Low temperatures can also be harder on older dogs. According to the RSPCA, the cold can aggravate joint stiffness and arthritis in seniors – not unlike in elderly people. They may show signs of pain, lick or chew at joints, and be unwilling to walk or climb stairs, and will benefit from a little extra tender loving care and attention to make them more comfortable during the cold weather.

Dogs that love cold weather

Some breeds are very well adapted to cold weather and will happily bound through the snow or swim in freezing water. They tend to have thick, coarse coats that keep them warm and repel liquid. The American Kennel Club’s (AKC) top cold weather breeds include the Alaskan Malamute, Siberian Husky, Newfoundland, Saint Bernard, Keeshond, Tibetan Mastiff and Norwegian Elkhound.

How can I tell my dog is cold?

Just like people, dogs will shiver when they are cold. Their teeth may even chatter! Other signs include whining or barking, agitated behaviour and trying to burrow into furniture or corners to stay warm.

Does my dog need a coat?

Coats and jumpers are a great option for keeping your pooch warm in winter – and they also look adorable. Soft fabric coats are perfect for lounging around inside or going outside when the weather is sunny.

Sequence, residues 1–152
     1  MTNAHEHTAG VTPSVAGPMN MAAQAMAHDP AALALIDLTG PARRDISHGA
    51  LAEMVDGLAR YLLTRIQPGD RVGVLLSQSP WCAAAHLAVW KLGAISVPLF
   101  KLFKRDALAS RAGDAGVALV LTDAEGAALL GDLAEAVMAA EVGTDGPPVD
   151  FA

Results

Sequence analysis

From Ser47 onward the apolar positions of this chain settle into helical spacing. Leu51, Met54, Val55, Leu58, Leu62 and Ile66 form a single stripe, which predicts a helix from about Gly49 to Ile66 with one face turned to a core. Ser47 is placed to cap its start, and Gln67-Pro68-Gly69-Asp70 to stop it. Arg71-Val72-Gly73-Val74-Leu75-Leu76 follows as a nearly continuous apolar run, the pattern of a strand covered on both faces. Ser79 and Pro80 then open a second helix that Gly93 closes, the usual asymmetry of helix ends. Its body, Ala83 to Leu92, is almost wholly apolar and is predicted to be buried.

If you’re walking in wind or light rain, look for a coat with a wind and waterproof exterior layer.
A great coat should:
    • Have the right size: measure your dog around the neck, the deepest part of the chest and along the length of their back.
    • Have the right fit: be snug but not tight and not too constrictive around the legs.
    • Be easy to put on an take off: Velcro closures can make stepping in and out of the garment easier for your dog. They’re also not easily chewed off.
    • Have the right fabric: wool is very warm, however it may require hand washing, while acrylic blends are warm and easy to care for.
    • Other things to think about in winter

Now you’ve got your pup’s winter wardrobe sorted, there are a few other things to keep your pup comfortable during the colder months:

  • Ensure your dog has a cosy place to sleep. Keep their bed in a warm spot, add extra blankets or think about investing in a pet safe heating pad.
  • If you have a very active dog, they may need more food in winter as their body may need extra calories to keep warm. If your dog moves less, they may need less food than usual.
  • If the weather forces you to cut down on outdoor exercise during winter, try to think of other ways to keep your dog entertained – games, training and puzzle toys are great inside options.
  • Dogs love to lie in front of a heater or fire, but check they’re not getting too close – they could singe their fur or burn their skin.

While some dogs may thrive in colder weather, others will appreciate some extra layers and TLC during winter.

Paying close attention to their cues and ensuring they have everything they need to be comfortable and content when they may not be able to follow their usual routine can help bring you even closer together.